In California, the court is required to figure out only the "approximate" amount of time each parent is responsible for the child who is going to get support.
    One way to look at is on a 2-week schedule; how much time does the child spend with each parent?
    What that means is that some judges look to whether or not the child spends overnight time with the other parent. Others look to the "puke test" - if the child gets sick at school then which home does the child go to.
    Another way is as you suggest; out of 365 days, how many days does each parent have responsibility for the child? If you are the "higher time" parent then have the 365 days and deduct the number of days the child is with the other parent. No one day counts more than the other regardless of vacations, etc., but the courts tend to put greater emphasis on overnights rather than just the part-day (dinner) visits.

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  • Does my x have to have left a higher paying job for the court to impute income to her?

    My x has always been underemployed. Her ability to get a higher paying job is obvious. To impute income to her, does she have to have been previously employeed for that amount? Also, will they be likely to impute minimum to her? Or her actual...

    Steven’s Answer

    The issue of imputation of income has been refined by recent case law decisions, and you appear to already know most of the basics. With the economy in California being a bit mixed, from Newport Beach to Oakland, there are still jobs out there if someone is qualified.
    If you want the court to impute an income to your ex, then the burden is on you to show what she could be earning - obviously more than what she's currently making. You don't have to show that she's refused higher-paying jobs, or even that she would get hired. But you do have to bring "competent evidence" (note the legal term, you've got some hurdles to overcome if you want to do this the right way) of her ability/skills/experience and the rate of pay she could be earning.
    Also, keep in mind that there is a California statute that the court may look to that says that the parent with the majority of time with the children shouldn't have an ability to earn put on them, unless it's in the best interests of the children. While rarely applied by the court, it is out there and can impact the court's decisions.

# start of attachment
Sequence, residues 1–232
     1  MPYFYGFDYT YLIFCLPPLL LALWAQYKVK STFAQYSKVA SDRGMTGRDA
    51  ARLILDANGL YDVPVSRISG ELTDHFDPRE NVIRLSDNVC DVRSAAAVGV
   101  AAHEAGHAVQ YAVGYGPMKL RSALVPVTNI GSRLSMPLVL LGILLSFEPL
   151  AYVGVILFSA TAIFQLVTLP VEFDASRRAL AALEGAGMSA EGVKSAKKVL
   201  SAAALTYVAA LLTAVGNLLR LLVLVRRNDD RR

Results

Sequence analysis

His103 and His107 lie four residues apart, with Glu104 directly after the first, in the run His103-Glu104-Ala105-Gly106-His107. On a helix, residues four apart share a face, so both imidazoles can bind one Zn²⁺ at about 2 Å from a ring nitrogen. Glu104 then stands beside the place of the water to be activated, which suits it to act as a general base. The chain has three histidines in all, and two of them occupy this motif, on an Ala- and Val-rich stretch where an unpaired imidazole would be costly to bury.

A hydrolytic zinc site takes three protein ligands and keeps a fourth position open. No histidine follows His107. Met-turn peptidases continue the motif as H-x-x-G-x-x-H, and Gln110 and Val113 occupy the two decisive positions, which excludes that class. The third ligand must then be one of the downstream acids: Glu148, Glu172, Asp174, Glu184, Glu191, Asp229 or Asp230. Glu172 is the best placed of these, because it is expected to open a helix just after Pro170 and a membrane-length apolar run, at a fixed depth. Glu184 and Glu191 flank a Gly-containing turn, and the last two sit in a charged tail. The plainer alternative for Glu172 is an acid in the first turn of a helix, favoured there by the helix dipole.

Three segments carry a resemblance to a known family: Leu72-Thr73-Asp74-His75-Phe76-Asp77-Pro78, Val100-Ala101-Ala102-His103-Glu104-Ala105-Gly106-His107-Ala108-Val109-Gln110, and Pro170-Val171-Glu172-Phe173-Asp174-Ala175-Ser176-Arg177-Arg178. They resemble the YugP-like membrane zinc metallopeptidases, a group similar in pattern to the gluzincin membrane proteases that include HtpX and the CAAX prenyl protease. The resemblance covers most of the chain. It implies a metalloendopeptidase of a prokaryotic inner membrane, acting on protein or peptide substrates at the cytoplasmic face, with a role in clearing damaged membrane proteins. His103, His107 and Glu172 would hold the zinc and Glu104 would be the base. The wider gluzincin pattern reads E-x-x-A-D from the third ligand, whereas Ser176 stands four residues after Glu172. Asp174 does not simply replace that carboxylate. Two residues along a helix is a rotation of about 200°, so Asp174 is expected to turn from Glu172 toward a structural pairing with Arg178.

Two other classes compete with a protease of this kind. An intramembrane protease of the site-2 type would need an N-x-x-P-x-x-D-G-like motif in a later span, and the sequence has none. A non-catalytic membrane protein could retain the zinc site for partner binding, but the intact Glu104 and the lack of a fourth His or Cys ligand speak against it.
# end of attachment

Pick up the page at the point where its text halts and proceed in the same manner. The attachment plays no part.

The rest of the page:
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  • How do I establish that my house is the child's primary residency in a joint custody case?

    I have my child 3-4 days a week. How do I establish that my house is the primary household if we file for joint custody?

    Steven’s Answer

    In California there is no such thing a "primary residency" for child custody decisions. If you have "joint custody", that presumes both joint "legal" and joint "physical" custody. By having joint custody both you and the other parent have equal decision-making ability regarding your child's health, education and welfare. Joint physical means you both have the right to have the child with you (as opposed to one parent having visitation).
    If the issue is school enrollment then keep a log of the time that your child is in your home - yes, weekdays (school days) may have more of an impact on a court's decision. School enrollment is a legal custody decision, so you have to give notice to the other parent if you want to register your child in your neighborhood's school. If there is no agreement then the court will have to make the decision for you. You should research your school's statewide ranking (its API score) as well as programs available for before school & after school care. You should also see how far the school is from your & the other parent's home. Ultimately, you'll first have to "make your case" to the other parent before you ask the court to step in for you.